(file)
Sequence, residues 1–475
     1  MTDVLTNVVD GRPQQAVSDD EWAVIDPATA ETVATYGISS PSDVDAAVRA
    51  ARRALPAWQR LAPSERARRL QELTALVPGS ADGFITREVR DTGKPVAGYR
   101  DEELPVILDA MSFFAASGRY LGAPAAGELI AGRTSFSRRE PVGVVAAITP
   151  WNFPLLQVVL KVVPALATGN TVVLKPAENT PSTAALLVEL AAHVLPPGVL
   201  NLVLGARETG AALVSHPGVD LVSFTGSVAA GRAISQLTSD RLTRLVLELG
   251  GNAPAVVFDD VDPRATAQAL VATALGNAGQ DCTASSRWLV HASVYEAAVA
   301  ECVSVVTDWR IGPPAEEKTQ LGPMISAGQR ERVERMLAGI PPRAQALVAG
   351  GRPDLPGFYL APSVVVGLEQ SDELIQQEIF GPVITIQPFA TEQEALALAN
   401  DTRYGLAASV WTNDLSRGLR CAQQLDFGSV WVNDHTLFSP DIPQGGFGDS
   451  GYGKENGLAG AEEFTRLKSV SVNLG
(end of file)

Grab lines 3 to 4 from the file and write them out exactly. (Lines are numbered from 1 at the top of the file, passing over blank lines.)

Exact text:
    51  ARRALPAWQR LAPSERARRL QELTALVPGS ADGFITREVR DTGKPVAGYR
   101  DEELPVILDA MSFFAASGRY LGAPAAGELI AGRTSFSRRE PVGVVAAITP